P.S. I do have a daily planner on my computer that I use, but it's not as cozy and artsy as the one I write in by hand.


Books that call for a metamorphosis

Spiritual Politics: Changing The World From The Inside Out
By Corinne Mclaughlin

This is one of the symbol books in my collection that stands on its own. It's the first book I've run across to take on the admirable task of examining political events truthfully from what it reveals about the human condition and our spiritual trajectory. Dream books examine our internal world on an individual level. This book looks at national and global events as a cultural mythology that's playing out. Several chapters that are particularly thought provoking are “The Symbolism and Significance of World Events” and “The World Is Our Mirror: The Emotional and Etheric Causes of World Events.” The bigger the event, the more it has a global message. I wonder what the authors would say about the Tsumanis in Asia and the Hurricanes hitting the Gulf Coast? Are our internal motivations as a global family and underlying emotional states infested with hatred and greed, thus the waters (emotions) of the world are stirred up and violent, and may be mirroring habits of aggression?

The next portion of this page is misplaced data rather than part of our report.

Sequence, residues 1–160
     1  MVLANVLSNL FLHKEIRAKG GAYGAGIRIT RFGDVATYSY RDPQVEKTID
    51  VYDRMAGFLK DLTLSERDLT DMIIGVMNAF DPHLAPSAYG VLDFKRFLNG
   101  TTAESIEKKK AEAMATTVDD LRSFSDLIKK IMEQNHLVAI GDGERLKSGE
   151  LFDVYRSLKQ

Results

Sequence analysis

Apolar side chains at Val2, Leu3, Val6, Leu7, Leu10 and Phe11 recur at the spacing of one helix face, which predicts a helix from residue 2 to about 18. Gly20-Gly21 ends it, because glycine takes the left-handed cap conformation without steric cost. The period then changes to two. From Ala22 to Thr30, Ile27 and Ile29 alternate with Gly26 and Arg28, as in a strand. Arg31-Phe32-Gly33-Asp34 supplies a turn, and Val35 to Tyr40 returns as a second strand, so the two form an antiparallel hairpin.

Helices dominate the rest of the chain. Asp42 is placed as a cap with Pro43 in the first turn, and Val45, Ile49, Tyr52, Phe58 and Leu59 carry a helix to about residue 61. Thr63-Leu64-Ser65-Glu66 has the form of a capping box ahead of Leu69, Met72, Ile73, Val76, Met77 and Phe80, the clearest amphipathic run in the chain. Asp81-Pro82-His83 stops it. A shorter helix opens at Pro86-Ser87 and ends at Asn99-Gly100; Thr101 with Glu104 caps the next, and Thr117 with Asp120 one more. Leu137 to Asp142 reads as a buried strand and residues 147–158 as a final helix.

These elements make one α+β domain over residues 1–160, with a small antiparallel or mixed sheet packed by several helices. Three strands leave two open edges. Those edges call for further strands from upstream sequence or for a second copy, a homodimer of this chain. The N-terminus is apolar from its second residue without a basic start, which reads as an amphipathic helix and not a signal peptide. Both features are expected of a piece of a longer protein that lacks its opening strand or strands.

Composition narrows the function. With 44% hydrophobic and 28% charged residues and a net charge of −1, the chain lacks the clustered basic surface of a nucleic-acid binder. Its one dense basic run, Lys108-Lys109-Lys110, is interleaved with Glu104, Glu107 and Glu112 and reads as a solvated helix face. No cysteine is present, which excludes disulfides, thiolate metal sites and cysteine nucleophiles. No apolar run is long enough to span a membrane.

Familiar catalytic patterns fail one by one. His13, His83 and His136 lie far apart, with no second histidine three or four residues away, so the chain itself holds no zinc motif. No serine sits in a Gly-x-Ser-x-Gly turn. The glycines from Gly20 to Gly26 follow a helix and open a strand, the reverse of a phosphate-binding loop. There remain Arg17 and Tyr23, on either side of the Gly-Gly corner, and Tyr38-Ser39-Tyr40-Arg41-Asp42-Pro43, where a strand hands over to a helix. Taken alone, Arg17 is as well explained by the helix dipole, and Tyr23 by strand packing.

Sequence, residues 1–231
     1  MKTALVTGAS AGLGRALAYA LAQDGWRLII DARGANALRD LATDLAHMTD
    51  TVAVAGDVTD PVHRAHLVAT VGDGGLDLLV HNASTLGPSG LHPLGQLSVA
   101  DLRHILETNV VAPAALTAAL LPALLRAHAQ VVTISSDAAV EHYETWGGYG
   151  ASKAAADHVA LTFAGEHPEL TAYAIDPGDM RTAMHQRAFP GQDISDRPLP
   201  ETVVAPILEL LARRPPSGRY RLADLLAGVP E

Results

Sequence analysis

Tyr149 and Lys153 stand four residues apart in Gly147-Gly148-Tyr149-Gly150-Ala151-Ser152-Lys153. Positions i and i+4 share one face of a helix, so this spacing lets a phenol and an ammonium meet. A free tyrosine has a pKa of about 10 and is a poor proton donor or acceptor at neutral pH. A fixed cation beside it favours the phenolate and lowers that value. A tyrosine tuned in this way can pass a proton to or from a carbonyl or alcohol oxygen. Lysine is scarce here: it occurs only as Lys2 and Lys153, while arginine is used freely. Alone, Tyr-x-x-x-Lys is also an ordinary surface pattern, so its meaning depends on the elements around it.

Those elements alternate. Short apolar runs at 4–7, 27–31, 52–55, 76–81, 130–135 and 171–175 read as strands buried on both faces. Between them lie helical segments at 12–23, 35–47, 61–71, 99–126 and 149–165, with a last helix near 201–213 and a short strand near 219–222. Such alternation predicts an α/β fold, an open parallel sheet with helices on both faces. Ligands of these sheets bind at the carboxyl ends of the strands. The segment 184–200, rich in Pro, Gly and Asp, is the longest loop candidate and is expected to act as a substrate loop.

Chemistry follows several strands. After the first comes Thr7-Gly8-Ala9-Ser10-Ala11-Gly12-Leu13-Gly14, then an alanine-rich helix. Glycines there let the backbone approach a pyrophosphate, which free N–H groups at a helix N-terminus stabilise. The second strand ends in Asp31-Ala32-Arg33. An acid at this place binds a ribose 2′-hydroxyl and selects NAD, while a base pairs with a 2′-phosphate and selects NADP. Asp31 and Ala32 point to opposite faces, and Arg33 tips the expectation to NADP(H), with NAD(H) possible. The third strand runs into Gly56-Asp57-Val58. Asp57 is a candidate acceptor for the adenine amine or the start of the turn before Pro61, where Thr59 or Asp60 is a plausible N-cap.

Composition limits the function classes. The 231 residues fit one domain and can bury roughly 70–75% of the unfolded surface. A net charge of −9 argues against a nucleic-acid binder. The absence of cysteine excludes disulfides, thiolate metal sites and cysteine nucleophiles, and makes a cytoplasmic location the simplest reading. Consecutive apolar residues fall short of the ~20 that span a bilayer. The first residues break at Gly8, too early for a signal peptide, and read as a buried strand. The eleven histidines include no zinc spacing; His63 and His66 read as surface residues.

The Still Point Dhammapada: Living The Buddha's Essential Teachings
By Geri Larkin

Geri Larkin has a great sense of humor. I had read a few of her other books, Stumbling Towards Enlightenment and Tap Dancing in Zen before I picked this one up. She is the Guiding Teacher at the Still Point Zen Buddhist Temple in Detroit. She has written her own contemporary version of the Dhammapada, a sacred Buddhist text. Each section of the Dhammapada is accompanied by real life stories about the people in the Still Point sangha. They are human stories with a touch of humor that illustrate each verse of this text. A quote from her version of the Dhammapada: